A French twist of fate in New Caledonia
She barely knew him but she was in love and allowed her heart to guide her. Rosines “Ines” Agustin-Herve was a hotel and restaurant management graduate from the University of the Philippines Diliman when she was asked by her sister to help set up a Japanese restaurant in New Caledonia.
New Caledonia is a French territory situated 3,283 kilometers from Australia.
It just so happened that a group from the French Navy was under a short contract in the place and it just so happened that Olivier was going to the restaurant.
Ines admits it was love at first sight and the whirlwind romance was enough for the then 20-something to follow her heart and go with the French gentleman to France.
“Everything happened so quickly. In less than a year, I went to France to live with Olivier. I really let my heart decide for my destiny. It was a great risk because it was the first time I was leaving my family to be with a man I barely knew, in a place I have never been before. I only knew three French words.
Maybe it is a bit of luck but most of all it’s my destiny to be with this “great man!”
We got married a year later. It was a civil marriage because we had to do it fast for my visa. I admit, it was complicated—the fact that being a foreigner, marrying a French Navy man requires a lot of papers.”
The fairy tale romance was boosted by the fact that they lived in the south of France. The house was “quite lovely with a big garden. We had a very tall oak tree just in front where the kids passed hours and hours in the swing. We also had an apricot tree and four olive trees. Because of the four seasons in France, I was always happy with the different varieties of flowers in my garden,” says Ines.
As expected Olivier was Ines’ “personal professor” in French as she says she only knew three words in French before meeting him.
The two have three kids.
After 15 years in France, they decided to sell the house and settle back to New Caledonia.
More time with kids
“My husband decided to quit the Navy to be able to spend more time with our kids. Now we’re living in Noumea, New Caledonia, since 12 years ago and I can say that we do not regret our decision settling here. It’s a beautiful and peaceful place to live in.”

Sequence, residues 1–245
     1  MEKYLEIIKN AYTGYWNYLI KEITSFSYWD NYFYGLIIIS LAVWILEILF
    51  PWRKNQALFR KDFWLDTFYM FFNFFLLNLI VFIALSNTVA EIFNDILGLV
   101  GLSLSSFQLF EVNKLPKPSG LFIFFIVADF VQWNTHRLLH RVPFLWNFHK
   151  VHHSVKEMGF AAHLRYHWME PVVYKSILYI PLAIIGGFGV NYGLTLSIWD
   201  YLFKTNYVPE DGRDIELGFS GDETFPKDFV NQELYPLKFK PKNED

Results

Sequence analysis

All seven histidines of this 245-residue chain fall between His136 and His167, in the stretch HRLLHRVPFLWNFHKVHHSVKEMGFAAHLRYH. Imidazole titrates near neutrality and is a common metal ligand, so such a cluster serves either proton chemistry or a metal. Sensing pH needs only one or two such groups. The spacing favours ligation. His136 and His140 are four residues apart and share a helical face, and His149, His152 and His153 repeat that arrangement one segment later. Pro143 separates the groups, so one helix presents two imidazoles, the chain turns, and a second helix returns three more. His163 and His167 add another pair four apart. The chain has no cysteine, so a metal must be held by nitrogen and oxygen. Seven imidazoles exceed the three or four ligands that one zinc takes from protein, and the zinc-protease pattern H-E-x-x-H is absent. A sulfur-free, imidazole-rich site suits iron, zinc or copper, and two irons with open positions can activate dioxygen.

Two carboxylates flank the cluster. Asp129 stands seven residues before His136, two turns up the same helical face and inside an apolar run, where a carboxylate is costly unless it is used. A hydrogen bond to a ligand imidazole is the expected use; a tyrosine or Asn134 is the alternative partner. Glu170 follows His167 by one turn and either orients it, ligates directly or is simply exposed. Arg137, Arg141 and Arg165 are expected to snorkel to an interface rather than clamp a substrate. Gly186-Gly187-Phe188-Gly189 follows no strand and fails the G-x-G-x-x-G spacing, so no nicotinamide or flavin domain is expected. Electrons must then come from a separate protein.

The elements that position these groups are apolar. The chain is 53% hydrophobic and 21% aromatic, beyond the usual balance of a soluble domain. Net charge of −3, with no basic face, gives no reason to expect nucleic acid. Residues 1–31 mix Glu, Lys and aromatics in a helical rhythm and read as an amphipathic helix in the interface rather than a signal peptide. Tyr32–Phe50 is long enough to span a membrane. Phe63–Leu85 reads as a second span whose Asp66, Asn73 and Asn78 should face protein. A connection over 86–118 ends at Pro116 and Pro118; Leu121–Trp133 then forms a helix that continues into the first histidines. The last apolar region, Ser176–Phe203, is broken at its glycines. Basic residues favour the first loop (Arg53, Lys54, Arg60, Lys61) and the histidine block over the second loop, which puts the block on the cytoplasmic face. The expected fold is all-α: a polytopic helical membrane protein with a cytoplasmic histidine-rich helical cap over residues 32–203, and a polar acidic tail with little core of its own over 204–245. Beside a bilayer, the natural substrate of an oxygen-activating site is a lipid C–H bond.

Career-wise, Ines says, “I had lots of opportunities here. From hotel and restaurant management, I became an accountant by experience. That is why I was able to pass a diploma recognized in French territories. It was quite hard but I had it. As you know, they are quite strict here. They do not recognize foreign diplomas, especially those from the Philippines.”
She worked for seven years as an accountant. Since July 2014, she was employed as chief administration and payroll officer in Office de Commercialisation et d’Entreposage Frigorifique (Ocef), an enterprise with 125 employees and the only company in the territory that handles meat and potato production.
“As for my husband, he is a technical manager to different dialysis centers in the territory.”
Ines is also an active member of the French Red Cross.
“As France is a well-developed country in Europe, childbirth is very medicalized. Epidural (anesthesia given in childbirth) is very common and they usually give it as soon as a woman arrives in the hospital in active labor. I had two births with epidural and one natural.
“In France, maternity is very well covered in terms of insurance health. For my first two kids, I even took advantage of a maternity leave that gives a mother the opportunity to stop working and take care of her child three years maximum. And the good thing is that I continued having my monthly salary. I had the chance to have my mother when my kids were born. She was on holiday. Then it was my mother-in-law who supported me most of the time. She was so kind,” she says.
Ines does not go to the Philippines regularly. Her dad passed away without meeting her children. Her mom stays with her sister after Super Typhoon “Yolanda” happened.
“After leaving Manila in 1987, I went back for an emergency in 2006 when I learned that my father was very sick. I returned to Manila one year later for his funeral. What I regret the most is that my kids had never known their grandfather. I took my husband and three kids to visit the Philippines in 2010.
Super Typhoon ‘Yolanda’
“The last time I went to my native land was in November 2013 just after Yolanda hit Leyte where my Mom was. My husband and I flew urgently to Leyte to search for her. With God’s help, she was safe and so we decided to bring her back to live with us in New Caledonia. She has recovered from the tragedy and is doing fine now. At least, I can take care of her.”
“My husband and I wish to travel between New Caledonia, France and the Philippines when we grow old,” Ines says.
Their eldest child is studying in France while the two are with them in New Caledonia.
Here, life is so cool and stress-free. It reminds me of the beautiful islands in the Philippines where people are just simple and natural.
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